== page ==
At one time in history, majority of the Christians were literalist and took the Bible to be ‘word of God’ in a concrete and literal sense.  There was the common expression ‘the gospel truth,’ implying a very high level of certainty.  In light of new research one may need new idioms and metaphors.  Over the decades and centuries reality has prevailed and now the majority has something very real to say to the 25% literalists.  Study of the present day Bible and taking it as literal gives us a very limited view of the Bible.  A broader study of the books that did not make into the official Bible gives us insight into the rich tradition of the early Christians.  Banned from the Bible tells the stories of the ancient books that have been prohibited from becoming part of Bible canon. The scholarly term for this is Apocrypha.

The Holy Quran affirms the truth of all the previous Revelations, which include those given to Moses (as) and Jesus (as). However, the Quran also points out that all the previous Books were sent for specific nations and times. As those Books were not final and universal, they were not provided the special protection against interpolations, as was granted to the Holy Quran, which was revealed as the final Guidance for all peoples and times.

The Christian scholars today are confirming what the Holy Quran had claimed about the Bible 14 centuries ago. Some of the evidence is examined in the companion article Banned from the Bible.

The Quran claims to be the culmination of all the previous Revelations, and contains the fundamental teachings of all the previous Prophets and Scriptures. To read details of what the Holy Quran has to say about the Bible go to:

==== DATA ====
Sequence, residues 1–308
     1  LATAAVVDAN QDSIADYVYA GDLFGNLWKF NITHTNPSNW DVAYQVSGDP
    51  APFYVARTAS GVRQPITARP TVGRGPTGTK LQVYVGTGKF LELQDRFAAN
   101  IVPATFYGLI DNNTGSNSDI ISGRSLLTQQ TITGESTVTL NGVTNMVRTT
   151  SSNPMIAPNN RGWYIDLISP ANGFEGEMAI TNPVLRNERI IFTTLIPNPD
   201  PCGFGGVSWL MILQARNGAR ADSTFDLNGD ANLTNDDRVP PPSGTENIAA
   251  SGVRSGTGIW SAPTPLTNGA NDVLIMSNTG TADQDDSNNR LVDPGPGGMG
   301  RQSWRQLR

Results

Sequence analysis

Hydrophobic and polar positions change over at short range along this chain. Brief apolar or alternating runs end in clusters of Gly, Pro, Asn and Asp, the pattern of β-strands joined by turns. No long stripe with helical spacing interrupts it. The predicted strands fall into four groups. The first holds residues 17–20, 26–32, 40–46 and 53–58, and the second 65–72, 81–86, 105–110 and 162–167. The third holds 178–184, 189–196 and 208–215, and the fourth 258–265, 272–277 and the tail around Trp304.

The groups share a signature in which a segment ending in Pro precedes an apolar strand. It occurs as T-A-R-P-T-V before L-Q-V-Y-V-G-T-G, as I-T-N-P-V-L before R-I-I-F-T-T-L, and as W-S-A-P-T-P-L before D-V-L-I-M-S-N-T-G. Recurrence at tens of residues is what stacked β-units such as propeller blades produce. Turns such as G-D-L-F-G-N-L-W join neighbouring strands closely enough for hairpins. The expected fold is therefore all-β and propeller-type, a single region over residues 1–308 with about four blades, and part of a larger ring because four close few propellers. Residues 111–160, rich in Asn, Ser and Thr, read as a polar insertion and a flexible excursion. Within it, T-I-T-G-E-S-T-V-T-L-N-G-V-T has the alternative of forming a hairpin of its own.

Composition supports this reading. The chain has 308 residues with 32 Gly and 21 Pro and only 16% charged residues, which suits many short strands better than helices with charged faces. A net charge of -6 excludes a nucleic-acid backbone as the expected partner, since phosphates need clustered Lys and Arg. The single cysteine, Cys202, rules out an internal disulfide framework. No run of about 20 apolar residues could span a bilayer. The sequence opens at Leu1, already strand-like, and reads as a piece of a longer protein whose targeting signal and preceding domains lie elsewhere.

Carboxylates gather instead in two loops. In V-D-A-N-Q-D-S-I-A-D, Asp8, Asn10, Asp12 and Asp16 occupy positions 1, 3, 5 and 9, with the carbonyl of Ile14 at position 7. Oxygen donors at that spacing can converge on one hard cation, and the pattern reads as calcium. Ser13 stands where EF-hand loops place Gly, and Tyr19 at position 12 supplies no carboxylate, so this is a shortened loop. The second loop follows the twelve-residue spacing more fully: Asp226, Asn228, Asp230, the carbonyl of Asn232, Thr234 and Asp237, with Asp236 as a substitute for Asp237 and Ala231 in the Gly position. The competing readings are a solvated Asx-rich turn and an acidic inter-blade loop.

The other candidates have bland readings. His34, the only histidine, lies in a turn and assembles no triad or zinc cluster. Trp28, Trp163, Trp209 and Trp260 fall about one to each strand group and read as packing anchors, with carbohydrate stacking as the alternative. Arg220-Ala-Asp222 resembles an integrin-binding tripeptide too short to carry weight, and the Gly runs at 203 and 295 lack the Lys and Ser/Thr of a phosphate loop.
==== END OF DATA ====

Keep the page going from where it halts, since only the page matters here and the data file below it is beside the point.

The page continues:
Now I quote an excerpt from Robert Wright that is particularly insightful in understanding the different books of the New Testament:
 
“Hard evidence about the ‘historical Jesus’ is scanty. The Bible’s gospel accounts of Jesus’s life and words-the books of Matthew, Mark, Luke, and John – were written sometime between 65 and 100 CE, thirty-five to seventy years after his death. By that time, their raw material, stories then circulating about Jesus in oral or written form, had no doubt been shaped by the psychological and rhetorical needs of his followers. (The letters of Paul – New Testament books such as Philippians and Romans – were written earlier, beginning around twenty years after Jesus’s death. Unfortunately, they say almost nothing about Jesus’s life and very little about his words.)
 
The book of Mark is generally considered the most factually reliable of the four gospels. It was written around 70 CE, roughly four decades after the Crucifixion. That’s a long lag, but it offers less time for the accrual of dubious information than the roughly five decades available for Matthew and Luke or the six or seven decades for John. What’s more, during Mark’s composition there would have been people sixty or seventy years old who as young adults had personally witnessed the doings and sayings of Jesus and knew his biographical details – and whose recollections may have constrained the author’s inventiveness. This population would shrink during the decade or more before other gospels took shape, expanding creative freedom.